Embedded SIM cards are a great thing for most people, no matter what the network carriers say.
There is a concern that soldering the SIM cards to the logic board opens up a world of network-locked hell for the average consumer. The other side of the coin is that consumers are now free to buy a device directly from the manufacturer. Sherry Zameer is head of telecommunications solutions for Africa and the Middle East at Gemalto, a digital security company and the world’s biggest SIM card manufacturer, and he is passionate about e-Sim.
“The SIM card itself, when you move it into devices, whether they’re IoT (internet of things) devices or M2M (machine to machine) sensors, which need connectivity, can be inserted at the point of manufacture,” Zameer explains. “From that perspective in order to manage the supply chain better and to have less stock keeping units, e-Sims have faster go-to-market and are able to be distributed internationally. (This) will open up new economies at the same time. The data, when it’s distributed, is (currently) embedded into the SIM card, but that can actually be done over the air. That’s really where the future is.”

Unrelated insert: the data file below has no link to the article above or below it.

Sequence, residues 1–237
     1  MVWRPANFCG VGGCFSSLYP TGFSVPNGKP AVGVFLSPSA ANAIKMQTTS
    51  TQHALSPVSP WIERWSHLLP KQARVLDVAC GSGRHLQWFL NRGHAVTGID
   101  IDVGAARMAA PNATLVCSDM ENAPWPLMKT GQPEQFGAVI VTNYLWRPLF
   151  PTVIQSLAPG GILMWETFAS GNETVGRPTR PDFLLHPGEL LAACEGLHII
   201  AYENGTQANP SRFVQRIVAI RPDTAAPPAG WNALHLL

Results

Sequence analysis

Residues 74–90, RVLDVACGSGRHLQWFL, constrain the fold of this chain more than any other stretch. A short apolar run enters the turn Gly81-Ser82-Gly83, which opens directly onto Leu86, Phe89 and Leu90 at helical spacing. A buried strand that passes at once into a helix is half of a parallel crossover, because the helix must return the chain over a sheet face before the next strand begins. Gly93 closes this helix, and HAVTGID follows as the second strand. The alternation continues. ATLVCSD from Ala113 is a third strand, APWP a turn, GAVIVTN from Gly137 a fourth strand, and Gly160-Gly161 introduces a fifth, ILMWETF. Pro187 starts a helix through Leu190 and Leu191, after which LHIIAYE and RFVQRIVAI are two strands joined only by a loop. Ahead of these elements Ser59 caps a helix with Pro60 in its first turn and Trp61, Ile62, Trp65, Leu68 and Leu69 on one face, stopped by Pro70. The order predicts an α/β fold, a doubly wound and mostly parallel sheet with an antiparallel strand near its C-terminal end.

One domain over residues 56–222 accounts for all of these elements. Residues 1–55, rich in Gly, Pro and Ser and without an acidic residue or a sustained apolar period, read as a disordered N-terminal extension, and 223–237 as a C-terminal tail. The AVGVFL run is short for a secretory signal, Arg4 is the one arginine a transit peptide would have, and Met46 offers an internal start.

The GSM Association has strict guidelines to help level the playing field and rule out the possibility of networks locking down devices. In the future the network carrier will be the custodian of your personal profile data, which you can then download directly onto a device and have your ecosystem unified. Your car, smartphone, tablet, watch and washing machine will all carry your profile data and you will, for a small fee, be able to connect to your network of choice as yourself, directly from the device.
The Samsung Gear S2 3G (which won’t be making it to our shores) is one such device. For all the smartwatch features like notifications and app consumption, it needs to be tethered to your phone via Bluetooth. But you can make and receive calls on the device, as long as your phone is on and connected to the same network.
Having your primary phone number on two devices seems intuitive, but causes a problem for our unprepared networks because they now have to support this new connection. Also, South African mobile communication regulations aren’t set up for cloned profiles. In the end, our country has some way to go before embracing e-Sims.
This article was originally published in the May 2016 issue of Popular Mechanics magazine.